Fear, Social Context (Not Mental Illness) Fuel Violent Extremist Views

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When a self-described white supremacist murdered 10 people in a racially motivated attack in Buffalo, New York, some questioned his mental health. White supremacy comes from a variety of sources in society, but is not rooted in mental illness, says Christine Reyna, a social psychologist and DePaul University Professor.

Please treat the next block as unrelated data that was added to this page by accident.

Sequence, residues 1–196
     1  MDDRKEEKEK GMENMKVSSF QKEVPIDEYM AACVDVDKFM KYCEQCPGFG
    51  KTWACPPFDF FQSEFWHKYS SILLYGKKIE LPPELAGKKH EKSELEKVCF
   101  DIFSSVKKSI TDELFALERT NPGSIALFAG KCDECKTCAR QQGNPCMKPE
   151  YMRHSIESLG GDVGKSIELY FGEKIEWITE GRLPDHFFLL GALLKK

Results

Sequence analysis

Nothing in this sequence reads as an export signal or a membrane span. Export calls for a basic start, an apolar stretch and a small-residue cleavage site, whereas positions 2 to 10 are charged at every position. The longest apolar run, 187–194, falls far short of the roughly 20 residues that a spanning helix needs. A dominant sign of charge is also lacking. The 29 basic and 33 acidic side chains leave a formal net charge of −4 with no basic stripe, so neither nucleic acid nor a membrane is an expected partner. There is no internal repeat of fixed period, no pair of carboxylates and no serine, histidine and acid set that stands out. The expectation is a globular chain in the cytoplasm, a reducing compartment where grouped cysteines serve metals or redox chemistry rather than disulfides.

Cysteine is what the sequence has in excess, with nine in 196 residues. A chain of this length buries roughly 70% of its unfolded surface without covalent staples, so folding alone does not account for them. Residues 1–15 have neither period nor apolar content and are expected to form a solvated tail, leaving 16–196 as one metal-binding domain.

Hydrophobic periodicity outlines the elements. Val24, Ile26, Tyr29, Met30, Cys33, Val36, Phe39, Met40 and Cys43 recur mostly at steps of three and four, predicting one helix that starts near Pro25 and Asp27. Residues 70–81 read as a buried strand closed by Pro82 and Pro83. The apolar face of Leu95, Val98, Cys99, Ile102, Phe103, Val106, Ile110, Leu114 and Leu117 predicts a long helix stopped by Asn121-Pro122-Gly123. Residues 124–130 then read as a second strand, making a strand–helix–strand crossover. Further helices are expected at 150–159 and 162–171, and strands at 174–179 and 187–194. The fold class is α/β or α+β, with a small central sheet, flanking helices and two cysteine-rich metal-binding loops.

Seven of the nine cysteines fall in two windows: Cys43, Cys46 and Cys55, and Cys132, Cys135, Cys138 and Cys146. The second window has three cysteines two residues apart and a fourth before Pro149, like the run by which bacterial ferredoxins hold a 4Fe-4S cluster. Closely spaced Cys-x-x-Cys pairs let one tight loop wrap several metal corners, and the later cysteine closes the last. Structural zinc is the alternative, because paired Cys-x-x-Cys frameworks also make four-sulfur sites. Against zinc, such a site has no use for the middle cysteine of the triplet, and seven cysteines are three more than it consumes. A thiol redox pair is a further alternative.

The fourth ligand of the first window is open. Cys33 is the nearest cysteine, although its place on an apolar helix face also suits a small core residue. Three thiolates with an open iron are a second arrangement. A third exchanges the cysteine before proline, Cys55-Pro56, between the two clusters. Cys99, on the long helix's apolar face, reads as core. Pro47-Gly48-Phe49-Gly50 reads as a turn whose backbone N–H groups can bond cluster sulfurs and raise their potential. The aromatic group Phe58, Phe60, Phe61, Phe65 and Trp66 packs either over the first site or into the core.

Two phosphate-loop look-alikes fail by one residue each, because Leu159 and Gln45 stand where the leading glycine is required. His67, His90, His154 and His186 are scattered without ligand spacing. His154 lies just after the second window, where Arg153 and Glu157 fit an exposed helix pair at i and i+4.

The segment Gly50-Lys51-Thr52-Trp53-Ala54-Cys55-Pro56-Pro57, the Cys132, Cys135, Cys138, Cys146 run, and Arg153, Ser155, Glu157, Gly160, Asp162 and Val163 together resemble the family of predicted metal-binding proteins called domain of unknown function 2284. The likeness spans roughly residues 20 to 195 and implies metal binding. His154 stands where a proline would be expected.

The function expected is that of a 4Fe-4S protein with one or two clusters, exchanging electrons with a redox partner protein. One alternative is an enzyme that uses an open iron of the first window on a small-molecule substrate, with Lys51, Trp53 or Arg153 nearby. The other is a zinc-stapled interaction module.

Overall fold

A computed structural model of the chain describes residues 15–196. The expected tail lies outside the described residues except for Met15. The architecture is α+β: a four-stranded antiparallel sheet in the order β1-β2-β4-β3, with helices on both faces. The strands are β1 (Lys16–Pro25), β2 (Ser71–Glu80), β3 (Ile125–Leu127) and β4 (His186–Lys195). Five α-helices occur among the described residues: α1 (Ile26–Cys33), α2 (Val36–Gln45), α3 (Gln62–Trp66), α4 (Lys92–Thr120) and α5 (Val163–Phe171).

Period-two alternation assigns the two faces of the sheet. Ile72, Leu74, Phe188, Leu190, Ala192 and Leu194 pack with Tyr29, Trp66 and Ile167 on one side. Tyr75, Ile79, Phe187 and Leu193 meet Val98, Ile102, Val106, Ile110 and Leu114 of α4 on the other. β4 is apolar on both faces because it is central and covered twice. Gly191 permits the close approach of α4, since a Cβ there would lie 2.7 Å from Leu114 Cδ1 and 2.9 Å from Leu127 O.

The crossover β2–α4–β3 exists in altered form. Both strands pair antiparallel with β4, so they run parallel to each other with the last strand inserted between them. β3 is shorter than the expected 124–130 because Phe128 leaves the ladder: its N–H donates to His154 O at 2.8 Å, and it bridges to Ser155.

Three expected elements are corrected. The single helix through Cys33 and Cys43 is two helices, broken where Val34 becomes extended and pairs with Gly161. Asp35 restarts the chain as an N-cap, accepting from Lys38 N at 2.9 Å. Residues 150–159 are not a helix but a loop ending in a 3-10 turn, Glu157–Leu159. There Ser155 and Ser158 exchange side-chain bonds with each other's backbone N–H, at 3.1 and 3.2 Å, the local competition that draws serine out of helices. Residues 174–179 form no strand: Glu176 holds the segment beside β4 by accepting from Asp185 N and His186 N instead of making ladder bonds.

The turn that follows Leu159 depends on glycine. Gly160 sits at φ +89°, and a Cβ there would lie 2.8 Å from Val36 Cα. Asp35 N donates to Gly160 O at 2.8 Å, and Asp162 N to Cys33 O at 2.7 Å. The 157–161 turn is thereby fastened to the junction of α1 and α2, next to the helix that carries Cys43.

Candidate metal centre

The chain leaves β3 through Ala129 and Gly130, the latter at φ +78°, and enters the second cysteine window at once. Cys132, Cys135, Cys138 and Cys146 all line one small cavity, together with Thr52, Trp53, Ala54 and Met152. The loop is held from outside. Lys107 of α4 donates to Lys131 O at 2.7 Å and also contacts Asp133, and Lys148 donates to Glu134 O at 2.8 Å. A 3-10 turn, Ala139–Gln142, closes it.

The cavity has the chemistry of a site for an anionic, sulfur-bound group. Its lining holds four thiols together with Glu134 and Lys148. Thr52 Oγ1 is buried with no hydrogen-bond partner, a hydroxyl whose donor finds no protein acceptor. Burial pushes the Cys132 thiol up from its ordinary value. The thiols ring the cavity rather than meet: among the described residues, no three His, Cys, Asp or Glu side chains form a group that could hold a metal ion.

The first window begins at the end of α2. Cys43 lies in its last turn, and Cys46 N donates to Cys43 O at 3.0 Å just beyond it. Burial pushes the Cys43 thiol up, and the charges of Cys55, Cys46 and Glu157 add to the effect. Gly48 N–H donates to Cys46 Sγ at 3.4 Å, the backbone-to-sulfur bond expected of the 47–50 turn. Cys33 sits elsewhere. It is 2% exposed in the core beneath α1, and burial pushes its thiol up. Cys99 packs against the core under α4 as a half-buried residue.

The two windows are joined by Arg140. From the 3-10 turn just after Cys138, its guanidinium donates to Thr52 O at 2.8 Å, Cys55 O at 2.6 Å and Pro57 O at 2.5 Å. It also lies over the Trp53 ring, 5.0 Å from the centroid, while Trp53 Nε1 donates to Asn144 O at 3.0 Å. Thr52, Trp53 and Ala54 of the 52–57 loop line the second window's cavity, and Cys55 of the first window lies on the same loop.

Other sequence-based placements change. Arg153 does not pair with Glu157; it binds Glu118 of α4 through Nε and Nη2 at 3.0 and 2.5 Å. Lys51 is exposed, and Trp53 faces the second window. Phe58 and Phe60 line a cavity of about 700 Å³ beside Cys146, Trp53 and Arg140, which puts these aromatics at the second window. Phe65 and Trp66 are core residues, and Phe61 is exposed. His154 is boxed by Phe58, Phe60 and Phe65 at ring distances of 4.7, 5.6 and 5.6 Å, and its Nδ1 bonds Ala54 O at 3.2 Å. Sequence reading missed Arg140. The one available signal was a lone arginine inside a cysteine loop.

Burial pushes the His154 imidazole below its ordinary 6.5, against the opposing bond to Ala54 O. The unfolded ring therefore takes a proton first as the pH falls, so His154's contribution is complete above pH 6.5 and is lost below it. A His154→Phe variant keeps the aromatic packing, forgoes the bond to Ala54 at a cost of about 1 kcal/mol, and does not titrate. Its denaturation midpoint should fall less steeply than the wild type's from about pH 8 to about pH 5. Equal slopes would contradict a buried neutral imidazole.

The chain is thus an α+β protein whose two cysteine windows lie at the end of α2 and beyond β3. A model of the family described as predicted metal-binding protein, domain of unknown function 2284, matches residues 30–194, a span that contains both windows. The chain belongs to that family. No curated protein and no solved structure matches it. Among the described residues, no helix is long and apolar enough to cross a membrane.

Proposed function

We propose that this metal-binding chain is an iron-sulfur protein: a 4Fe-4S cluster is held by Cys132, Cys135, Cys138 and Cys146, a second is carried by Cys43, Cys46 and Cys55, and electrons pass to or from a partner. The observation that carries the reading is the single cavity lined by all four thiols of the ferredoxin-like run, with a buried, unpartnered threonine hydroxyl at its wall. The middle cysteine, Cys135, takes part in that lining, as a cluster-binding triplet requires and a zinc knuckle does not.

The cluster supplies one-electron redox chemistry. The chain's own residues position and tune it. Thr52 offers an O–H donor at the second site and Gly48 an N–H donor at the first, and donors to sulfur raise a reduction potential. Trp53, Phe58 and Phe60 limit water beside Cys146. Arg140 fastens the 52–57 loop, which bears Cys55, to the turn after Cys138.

Reyna is director of the Social and Intergroup Perception Lab at DePaul, where researchers examine how individuals and groups legitimize and leverage prejudice and discrimination to maintain status, cultural values and systems that benefit one's own groups — often at the expense of others. 

In a recent publication, Reyna explores the current rhetoric that is fueling this particularly violent strain of white nationalism in the United States. Published in the journal “Social Issues and Policy Review”, Reyna and her co-authors bring together research that details how white racial extremist views take hold and offers solutions for how policymakers should address them.

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